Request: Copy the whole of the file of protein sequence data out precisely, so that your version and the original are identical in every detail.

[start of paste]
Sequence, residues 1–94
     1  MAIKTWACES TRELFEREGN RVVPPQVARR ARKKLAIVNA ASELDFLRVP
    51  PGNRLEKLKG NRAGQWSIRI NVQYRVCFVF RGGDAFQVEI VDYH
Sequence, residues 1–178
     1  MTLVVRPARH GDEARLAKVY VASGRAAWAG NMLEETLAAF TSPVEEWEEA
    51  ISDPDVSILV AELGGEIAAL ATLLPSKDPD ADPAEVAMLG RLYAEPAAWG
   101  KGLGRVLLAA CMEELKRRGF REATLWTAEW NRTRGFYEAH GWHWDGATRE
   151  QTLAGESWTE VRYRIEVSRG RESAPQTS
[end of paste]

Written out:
Sequence, residues 1–94
     1  MAIKTWACES TRELFEREGN RVVPPQVARR ARKKLAIVNA ASELDFLRVP
    51  PGNRLEKLKG NRAGQWSIRI NVQYRVCFVF RGGDAFQVEI VDYH
Sequence, residues 1–178
     1  MTLVVRPARH GDEARLAKVY VASGRAAWAG NMLEETLAAF TSPVEEWEEA
    51  ISDPDVSILV AELGGEIAAL ATLLPSKDPD ADPAEVAMLG RLYAEPAAWG
   101  KGLGRVLLAA CMEELKRRGF REATLWTAEW NRTRGFYEAH GWHWDGATRE
   151  QTLAGESWTE VRYRIEVSRG RESAPQTS